Why some speakers cant understand speakers who understand them - Asymmetric Intelligibility



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Sometimes two languages are close enough that speakers of one understand the other. But it's not always fair. It's easier for Danish speakers to understand Swedish than the other way around. Same goes for Portuguese and Spanish. Many other languages, too. How come?Subscribe for language:



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ani... asymmetric intelligibility danish language language linguistics mutual intelligibility norwegian language scandinavian languages swedish language


Abraham Aloum Ruiz
In Spain there's a dialect from Andalusia (where I'm from) and we can actually understand people from Madrid but they can't understand us or have some trouble trying to figure some words out, and people north Spain people can't understand us either, it's like we've got a secret language hahaha
AccelRailgun506
As a Spanish speaker, written Portuguese is easy to understand, but spoken Portuguese, barely if at all.
Adam Šulc
Czecks and Slovaks can understand each other :)
Alicja Walendziak
Suprised you didn't mention Slavic languages here.
Alyssa Miles
A number of years ago my mom and I went on a vacation to Cancun Mexico. When we were there we decided to eat at McDonald's. While standing in line we watched the order in front of us. The person behind the counter was a Mexican of course, and the customer was Australian. Both spoke fluent English, however, we watched with no small amount of humor as they struggled to communicate. The Mexican speaking fluent English could not understand the Australians accent. The biggest sticking point was a bottled water. To the Mexican, \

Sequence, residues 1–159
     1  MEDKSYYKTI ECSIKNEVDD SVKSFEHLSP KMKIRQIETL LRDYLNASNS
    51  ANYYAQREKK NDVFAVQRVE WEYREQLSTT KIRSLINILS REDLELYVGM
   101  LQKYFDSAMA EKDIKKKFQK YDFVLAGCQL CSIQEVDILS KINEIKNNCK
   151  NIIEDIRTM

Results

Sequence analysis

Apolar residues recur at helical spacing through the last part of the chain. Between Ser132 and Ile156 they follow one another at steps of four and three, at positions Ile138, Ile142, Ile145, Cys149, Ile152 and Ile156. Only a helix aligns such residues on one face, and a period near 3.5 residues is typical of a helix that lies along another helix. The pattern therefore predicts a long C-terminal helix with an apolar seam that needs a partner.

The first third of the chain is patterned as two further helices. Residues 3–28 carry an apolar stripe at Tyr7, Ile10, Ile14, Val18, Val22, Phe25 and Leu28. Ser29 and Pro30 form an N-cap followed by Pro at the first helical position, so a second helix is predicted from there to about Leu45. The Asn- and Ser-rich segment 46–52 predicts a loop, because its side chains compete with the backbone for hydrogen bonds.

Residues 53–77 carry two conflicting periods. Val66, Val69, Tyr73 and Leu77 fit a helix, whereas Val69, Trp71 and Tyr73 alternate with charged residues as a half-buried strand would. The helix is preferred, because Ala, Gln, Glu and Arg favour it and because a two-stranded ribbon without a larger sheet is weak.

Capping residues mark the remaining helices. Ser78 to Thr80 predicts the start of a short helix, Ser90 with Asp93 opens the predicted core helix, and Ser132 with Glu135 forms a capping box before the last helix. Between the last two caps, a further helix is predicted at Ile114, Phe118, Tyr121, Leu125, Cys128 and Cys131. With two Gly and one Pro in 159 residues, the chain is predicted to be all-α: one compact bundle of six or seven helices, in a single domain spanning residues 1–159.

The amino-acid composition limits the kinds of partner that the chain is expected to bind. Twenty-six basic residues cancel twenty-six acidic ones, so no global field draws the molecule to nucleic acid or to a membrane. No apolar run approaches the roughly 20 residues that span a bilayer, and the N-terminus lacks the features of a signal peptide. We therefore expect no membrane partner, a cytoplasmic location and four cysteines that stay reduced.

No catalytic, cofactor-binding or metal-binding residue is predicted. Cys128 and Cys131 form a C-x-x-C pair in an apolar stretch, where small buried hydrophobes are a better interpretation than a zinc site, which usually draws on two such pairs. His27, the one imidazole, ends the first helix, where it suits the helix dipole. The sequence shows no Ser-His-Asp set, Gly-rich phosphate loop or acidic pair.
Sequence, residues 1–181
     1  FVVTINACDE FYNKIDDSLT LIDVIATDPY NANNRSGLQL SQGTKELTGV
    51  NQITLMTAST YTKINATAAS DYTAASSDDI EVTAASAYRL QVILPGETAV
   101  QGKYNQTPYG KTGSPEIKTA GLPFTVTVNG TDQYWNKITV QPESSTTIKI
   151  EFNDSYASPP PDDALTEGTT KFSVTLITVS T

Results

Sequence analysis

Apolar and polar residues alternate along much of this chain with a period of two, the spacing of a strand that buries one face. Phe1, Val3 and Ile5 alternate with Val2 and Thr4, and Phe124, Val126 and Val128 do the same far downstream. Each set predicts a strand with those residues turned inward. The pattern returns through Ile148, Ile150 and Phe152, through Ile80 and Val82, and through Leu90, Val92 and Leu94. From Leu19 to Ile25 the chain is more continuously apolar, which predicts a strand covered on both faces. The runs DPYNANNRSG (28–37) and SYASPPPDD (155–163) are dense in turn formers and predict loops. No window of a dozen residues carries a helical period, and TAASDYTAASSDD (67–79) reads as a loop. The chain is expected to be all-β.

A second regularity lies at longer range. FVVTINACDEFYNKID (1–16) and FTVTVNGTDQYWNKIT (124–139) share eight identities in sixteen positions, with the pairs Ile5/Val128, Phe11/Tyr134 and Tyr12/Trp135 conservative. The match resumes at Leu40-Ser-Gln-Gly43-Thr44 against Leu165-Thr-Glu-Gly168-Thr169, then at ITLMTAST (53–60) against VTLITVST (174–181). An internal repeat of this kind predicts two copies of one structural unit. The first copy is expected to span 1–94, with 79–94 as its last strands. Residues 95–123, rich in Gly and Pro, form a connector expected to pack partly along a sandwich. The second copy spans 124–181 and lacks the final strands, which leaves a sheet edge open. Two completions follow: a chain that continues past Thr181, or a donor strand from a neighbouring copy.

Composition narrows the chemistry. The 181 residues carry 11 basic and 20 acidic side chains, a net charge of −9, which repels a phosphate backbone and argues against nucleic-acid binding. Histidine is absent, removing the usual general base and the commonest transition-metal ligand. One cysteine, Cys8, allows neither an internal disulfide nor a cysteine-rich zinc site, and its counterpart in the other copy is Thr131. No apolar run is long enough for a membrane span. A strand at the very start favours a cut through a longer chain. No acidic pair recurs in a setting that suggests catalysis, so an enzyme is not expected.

Ben medina gro.
this reminds me of how Italian Spanish and Portuguese sounds so similar , cool video thanks
Benno Lenno
As a Swede I can definitely say that Danish is hard as hell to understand and Norwegian a lot easier c:
Bernhard Jordan
Scots speakers can understand English speakers , but the other way around is just impossible \n\nas an example I can say \
Bertú
Well, I live in Cyprus (ooofff, controversial politics). Both my parent and I speak Turkish Cypriot, however since they teach Modern Turkish in school, my Cypriot Turkish is less Cypriot than theirs. One day, while at a shop in \
Big Boy Arnold
As a Russian, I can understand every Slavic language, yet they can't. \nIt's awesome. \nKind of like how black people in America can understand everything, yet nobody understands them
BlackHayateTheThird
I lived in Brazil for a year as an exchange student. As the Canadian student who was first there for a couple weeks, I was so frustrated when the Mexican student came and basically could speak with the other classmates in Spanish and could understand Portuguese on the first day. It was so infuriating! I remember after a few months I remember hearing two students (who weren't part of my class) gossiping about me- that I as the Canadian student really didn't talk as much as the Mexican student. The other one thankfully argued for me, saying that I could probably understand but found speaking more difficult (which was totally true). I feel proud enough that by the end of my exchange I had gained the local accent! As well, my French language skills also improved, between learning Portuguese by my host mom using French to teach me and just the fact that French and Portuguese are romance languages and related. For me, I'd say I can understand Spanish quite well now, French and then lastly Italian I can catch phrases here and there. Also, now that I have Korean (and Japanese) under my belt, learning Chinese has actually been an easier challenge for me than Gaelic! Language is so interesting- thank you for your videos! Your channel is one of my favourites!
Captain Kat
When scandinavians meet we can usually with some effort understand each other if we just speak our native languages but to make it easier we usually speak a kind of \
Carine Gaaren
Norwegians understand danes and swedes better than they understand us maybe because Norwegian itself consists of a wide specter of dialects, witch are very different in both pronunciation and words, so we are used to kind of looking for the keywords and meaning of the sentence and thereby being able to respond, and we are used to many different ways of pronouncing a word. I remember I was in Sweden and asked for the wardrobe which is \